Venue: iPreciation (誰先覺), 50 Cuscaden Road, HPL House #01-01, Singapore 249724
Private Preview: May 8, 2021 (By Invitation Only)
Exhibition Opens to Public: May 10 – Jun 5, 2021
iPRECIATION pays tribute to Cheung Yee (b. 1936 – d. 2019), a master of our time through an exhibition titled The Art of Cheung Yee. The exhibition features captivating artworks produced between 1964 and 2008, showcasing Cheung’s multifaceted and distinctive styles. Touted as a trailblazer in Hong Kong’s contemporary art scene, the pioneer contemporary master is a familiar name to art scholars in the region and collectors globally. Best known for his monumental wood, metal relief and monumental General Series of crab-like sculptures, Cheung experimented with a variety of mediums throughout his career and has made fame for himself since the late 1950s.
Born in 1936 in Guangzhou, China, Cheung moved to and grew up in Hong Kong where his family was involved in the porcelain business, piquing his interest in handicrafts since young. He attended Tak Ming Middle School in Hong Kong where he studied traditional ink painting under renowned painter, Ding Yanyong 丁衍庸 (b. 1902 – d. 1978). Between 1954 and 1958, Cheung studied at Taiwan Normal University, majoring in traditional ink painting and seal carving. Though very skilled in gongbi and flower-and-bird paintings, studying rubbings of oracle bone writings for seal carving sparked his interest in tortoise shells, which was later a significant subject in his repository. He was intrigued with the tangible aspect of engraving presented, thereby started carving and sculpting.
Cheung returned to Hong Kong upon graduation in 1958, where he began to make waves in the art arena. Tapping on his fascination with ancient subjects and study of the biological nature world, Cheung created numerous wood and metal reliefs and sculptures that remind one of oracles or totems, and contain imageries that resemble snakes, worms, birds and the female body. By the mid-1960s, tortoise shells have taken the centre stage of his creation, where he applies ancient oracle bones and I-Ching with unique modernistic techniques and original visuals.
In the 1970s, he turned towards stone carving and created cast paper, a unique art form he called his own. Drawing inspiration from woodblock printing, instead of having a single mould, Cheung created moulds comprising of characters, pictograms, tortoise shells and symbols of the female genitalia. Being able to toy with the various combinations, Cheung’s cast paper reliefs are interestingly structured yet bursting with possibilities, which allows him to create his unique works, leaving viewers with ample imagination. In the 1980s, Cheung’s famous crab-like bronze sculptures, the General series became a hallmark of his artistic career, two of which are permanently installed in Hong Kong Kowloon Park and outside Hong Kong Museum of Art.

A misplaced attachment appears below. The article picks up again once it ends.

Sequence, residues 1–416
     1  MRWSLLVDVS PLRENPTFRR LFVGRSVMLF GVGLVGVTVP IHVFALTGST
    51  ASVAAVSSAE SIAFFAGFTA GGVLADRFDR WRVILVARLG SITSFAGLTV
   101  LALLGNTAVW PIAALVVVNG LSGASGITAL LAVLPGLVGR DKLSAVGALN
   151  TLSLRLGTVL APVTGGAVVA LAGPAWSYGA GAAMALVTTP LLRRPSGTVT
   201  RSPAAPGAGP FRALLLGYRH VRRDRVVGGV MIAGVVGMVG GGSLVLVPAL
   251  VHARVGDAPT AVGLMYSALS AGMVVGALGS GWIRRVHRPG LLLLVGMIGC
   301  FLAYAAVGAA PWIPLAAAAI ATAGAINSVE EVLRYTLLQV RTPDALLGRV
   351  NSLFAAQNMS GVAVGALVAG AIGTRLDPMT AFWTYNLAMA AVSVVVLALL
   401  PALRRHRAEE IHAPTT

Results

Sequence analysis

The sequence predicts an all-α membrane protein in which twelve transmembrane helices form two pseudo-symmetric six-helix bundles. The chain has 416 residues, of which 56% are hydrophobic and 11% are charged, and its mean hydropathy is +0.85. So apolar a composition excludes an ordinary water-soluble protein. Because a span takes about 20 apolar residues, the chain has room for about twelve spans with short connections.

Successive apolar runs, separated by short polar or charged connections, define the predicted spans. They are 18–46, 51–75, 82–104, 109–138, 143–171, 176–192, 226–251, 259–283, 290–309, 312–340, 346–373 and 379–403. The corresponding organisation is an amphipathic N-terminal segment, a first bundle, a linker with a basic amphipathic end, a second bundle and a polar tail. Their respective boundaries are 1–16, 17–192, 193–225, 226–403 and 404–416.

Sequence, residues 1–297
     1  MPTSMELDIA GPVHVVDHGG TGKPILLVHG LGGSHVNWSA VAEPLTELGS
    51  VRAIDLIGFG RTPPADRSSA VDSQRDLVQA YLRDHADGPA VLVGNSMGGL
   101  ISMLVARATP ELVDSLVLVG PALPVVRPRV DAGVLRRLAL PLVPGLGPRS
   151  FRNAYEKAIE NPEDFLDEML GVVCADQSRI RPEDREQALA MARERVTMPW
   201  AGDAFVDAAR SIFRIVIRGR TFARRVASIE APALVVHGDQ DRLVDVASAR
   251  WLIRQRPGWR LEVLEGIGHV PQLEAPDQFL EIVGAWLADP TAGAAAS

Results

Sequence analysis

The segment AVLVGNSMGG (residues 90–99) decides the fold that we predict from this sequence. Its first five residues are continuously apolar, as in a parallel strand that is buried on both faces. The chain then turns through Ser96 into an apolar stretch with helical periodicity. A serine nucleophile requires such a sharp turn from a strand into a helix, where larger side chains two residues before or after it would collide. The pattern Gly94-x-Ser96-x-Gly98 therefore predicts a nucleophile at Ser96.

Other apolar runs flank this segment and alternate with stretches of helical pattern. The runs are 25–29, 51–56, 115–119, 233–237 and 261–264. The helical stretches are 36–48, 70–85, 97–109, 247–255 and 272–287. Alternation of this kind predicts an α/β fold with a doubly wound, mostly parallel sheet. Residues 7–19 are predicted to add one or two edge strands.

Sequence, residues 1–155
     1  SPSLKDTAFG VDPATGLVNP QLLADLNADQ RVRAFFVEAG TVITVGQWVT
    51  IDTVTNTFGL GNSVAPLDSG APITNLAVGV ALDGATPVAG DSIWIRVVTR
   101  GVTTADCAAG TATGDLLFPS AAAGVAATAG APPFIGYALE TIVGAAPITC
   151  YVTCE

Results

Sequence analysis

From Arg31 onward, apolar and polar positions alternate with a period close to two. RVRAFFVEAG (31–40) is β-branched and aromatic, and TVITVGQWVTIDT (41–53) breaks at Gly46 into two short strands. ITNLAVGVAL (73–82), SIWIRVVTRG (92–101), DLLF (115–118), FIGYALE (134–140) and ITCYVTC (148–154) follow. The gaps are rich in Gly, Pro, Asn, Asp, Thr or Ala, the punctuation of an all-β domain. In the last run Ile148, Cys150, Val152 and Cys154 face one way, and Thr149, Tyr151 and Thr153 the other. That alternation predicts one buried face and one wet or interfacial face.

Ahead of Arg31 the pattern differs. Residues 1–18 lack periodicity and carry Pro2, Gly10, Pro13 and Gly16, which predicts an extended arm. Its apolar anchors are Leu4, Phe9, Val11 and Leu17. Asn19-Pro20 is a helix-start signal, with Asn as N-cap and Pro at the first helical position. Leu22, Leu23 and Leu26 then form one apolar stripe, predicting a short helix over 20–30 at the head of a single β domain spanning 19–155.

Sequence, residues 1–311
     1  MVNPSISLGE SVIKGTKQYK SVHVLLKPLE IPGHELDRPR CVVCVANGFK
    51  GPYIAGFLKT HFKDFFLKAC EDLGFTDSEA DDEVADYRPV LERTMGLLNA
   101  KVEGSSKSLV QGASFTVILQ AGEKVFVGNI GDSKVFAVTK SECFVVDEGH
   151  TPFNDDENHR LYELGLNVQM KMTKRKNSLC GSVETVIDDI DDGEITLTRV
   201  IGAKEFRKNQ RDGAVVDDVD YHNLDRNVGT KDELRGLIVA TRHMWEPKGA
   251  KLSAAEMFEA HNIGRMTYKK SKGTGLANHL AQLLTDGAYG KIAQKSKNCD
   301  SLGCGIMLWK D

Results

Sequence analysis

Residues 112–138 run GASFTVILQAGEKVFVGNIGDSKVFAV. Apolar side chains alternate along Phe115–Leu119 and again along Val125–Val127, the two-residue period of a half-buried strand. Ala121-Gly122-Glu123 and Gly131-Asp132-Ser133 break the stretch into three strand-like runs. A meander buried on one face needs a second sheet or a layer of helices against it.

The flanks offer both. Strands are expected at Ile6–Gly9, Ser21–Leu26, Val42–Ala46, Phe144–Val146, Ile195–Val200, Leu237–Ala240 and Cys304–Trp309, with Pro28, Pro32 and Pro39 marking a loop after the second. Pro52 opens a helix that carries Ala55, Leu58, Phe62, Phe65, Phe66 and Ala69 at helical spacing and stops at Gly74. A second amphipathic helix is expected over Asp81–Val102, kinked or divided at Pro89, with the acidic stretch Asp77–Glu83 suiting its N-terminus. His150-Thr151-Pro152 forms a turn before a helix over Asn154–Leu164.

Between 1963 and 2003, Cheung was commissioned to create monumental public works for numerous institutions, including Hong Kong Hilton (1963), Philippine Bank of Commerce (Manila, 1969), Hong Kong & Shanghai Banking Corp. (Hong Kong, 1972), Hayashida Hotel, Kagoshima (Japan, 1973), Sheraton-Molokai Hotel (Hawaii, 1977), Gloucester Tower, Landmark (Hong Kong, 1979), where the artwork later moved to Citylink (Singapore, 1999), Lucky Stores Inc., Phoenix, Arizona (U.S.A., 1980), East Asia Bank (Hong Kong, 1983), Hong Kong Convention and Exhibition Centre, (Hong Kong, 1989), and Taipei 101 (Taiwan, 2003).
Highly recognised for his ground-breaking original creations, he was conferred The Most Excellent Order of the British Empire, Member class (MBE) by Queen Elizabeth II of England in 1979 at the age of 43, joining one of the rare few in Hong Kong’s cultural industry to receive this honour.
Apart from being an artist, Cheung co-founded the Circle Art Group and was a member of the Society of Modern Literature and Fine Arts. He was also the chairman of the Hong Kong Sculptors’ Association, advisor to the Hong Kong Museum of Art as well as a professor of Fine Arts at the Chinese University of Hong Kong for 15 years where he taught and inspired many Hong Kong contemporary artists to date. Cheung later became the only Hong Kong artist to have been invited to hold three solo exhibitions in the Hong Kong Museum of Art. Upon retirement in 1998, Cheung moved to California where he continued to work on cast paper and wood sculptures. Between 2004 and 2007, Cheung created a series of wood sculptures and masterful cast paper works. Among them, 041208 Poem (2004, Cast Paper), 50803 Heart Moving (2005, Cast Paper), Fortune series (Cast Paper), Magic Square (2007, Wood Relief) and Twins (2007, Wood Sculpture) attest to his superb skills in not just cast paper but also in Chinese scripts and wood carving.
On Dec 4, 2019, Cheung Yee passed away in California, leaving a legacy behind that continues to inspire young artists and sculptors. His works are in the collection of many international public and private collections, including Hong Kong Museum of Art, Hong Kong Heritage Museum, Taipei Fine Arts Museum, National Museum of History (Taiwan), Museum of Modern Art (Mexico) and Ashmolean Museum, Oxford (England, UK).